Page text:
The city of Dubai wants to get to know its three million residents well—you might even say better than they know themselves. As part of a project called Dubai 10X Initiative, the Dubai Health Authority (DHA) plans to gather the DNA of each of its inhabitants with the stated goal of ending disease in its population. By creating a giant database of genetic disorders in Dubai’s population, the city hopes that researchers can develop customized treatments.
The project has three phases: First, a database will be created to build the necessary infrastructure for large-scale whole-genome sequencing. Next, artificial intelligence will accomplish the complex sequence analysis. According to the DHA, it will analyze longitudinal data to predict risks associated with genetic illnesses. The third phase will develop precision medicine in collaboration with pharmaceutical companies and academia to design treatments. The hope is that such a plan will ultimately eradicate genetic diseases, or at least predict them, so that doctors can work with patients to develop treatment and prevention plans. The ultimate goal, says the DHA, is to create a “happy and healthy society.”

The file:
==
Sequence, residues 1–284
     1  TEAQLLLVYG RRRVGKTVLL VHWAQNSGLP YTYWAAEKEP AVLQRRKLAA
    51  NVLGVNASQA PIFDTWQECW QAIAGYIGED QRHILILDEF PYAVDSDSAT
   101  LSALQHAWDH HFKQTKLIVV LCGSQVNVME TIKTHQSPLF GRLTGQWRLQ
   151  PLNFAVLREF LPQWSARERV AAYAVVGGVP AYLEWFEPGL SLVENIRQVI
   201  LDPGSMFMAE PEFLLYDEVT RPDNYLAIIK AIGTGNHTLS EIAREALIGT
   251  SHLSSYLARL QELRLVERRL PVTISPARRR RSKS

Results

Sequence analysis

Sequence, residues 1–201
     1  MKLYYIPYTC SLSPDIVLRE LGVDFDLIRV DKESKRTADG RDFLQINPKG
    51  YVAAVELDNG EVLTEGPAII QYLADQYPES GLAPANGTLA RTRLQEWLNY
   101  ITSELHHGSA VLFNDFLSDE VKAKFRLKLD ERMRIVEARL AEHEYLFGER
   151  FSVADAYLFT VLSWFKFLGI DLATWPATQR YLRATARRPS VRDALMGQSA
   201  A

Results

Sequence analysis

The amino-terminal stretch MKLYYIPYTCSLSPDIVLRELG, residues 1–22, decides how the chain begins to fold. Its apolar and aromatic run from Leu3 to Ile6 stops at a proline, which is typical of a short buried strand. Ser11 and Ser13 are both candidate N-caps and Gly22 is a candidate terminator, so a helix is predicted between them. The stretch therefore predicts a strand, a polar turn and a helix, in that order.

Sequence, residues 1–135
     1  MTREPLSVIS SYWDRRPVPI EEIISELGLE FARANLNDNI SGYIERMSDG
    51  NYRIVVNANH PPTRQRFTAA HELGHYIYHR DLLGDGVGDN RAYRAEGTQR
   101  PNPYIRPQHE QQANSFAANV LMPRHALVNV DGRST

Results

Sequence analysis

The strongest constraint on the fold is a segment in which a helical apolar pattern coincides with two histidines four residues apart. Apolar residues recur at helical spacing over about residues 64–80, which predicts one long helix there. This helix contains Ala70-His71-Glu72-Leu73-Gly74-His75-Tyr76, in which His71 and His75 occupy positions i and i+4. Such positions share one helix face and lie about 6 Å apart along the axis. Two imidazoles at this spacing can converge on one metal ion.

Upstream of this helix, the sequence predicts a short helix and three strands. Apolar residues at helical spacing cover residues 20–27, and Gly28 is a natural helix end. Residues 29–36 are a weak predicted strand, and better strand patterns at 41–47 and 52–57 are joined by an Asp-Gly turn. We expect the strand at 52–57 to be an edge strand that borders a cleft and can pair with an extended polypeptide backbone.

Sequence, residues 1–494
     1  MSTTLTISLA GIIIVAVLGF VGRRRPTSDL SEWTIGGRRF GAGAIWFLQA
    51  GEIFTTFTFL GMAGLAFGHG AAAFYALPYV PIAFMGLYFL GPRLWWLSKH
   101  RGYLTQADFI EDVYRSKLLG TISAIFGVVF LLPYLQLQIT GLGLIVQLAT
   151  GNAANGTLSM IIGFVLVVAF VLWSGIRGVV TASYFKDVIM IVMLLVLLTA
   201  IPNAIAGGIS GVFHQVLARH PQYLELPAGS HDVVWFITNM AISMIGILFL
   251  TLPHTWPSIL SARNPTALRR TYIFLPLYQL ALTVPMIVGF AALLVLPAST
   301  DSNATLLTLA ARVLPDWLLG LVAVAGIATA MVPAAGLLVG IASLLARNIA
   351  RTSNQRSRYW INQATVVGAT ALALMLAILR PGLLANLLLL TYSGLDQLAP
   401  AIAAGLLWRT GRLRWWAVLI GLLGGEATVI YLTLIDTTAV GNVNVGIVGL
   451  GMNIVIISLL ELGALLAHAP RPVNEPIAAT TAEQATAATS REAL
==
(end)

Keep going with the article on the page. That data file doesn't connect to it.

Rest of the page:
An Australian study recently plunged into the world of dark matter, using new technology to identify a multitude of microbial species. As a result, scientists have now added new 20 phyla to the tree of life.
Expanding the tree of life
Researchers at the University of Queensland used advances in gene sequencing technology and mathematics to study microbial genomes obtained straight from environmental samples, without the necessity of cultivation in the lab. The new technology is called metagenomics, whereby researchers gather specimens of all the genetic material—for instance, in a sample of soil, ocean water or baboon feces—and then piece them together using computational models to identify the microorganisms they represent.
An international group of about 150 scientists met in May behind closed doors to discuss an unofficial follow-up to the Human Genome Project. This time, however, instead of mapping all the genes in human DNA, the scientists want to create one from scratch.
How human are you? New research shows that more than 8% of our genetic makeup isn’t our own: it comes from viruses. Some of that viral DNA may have been passed down from our ancestors for at least 670,000 years.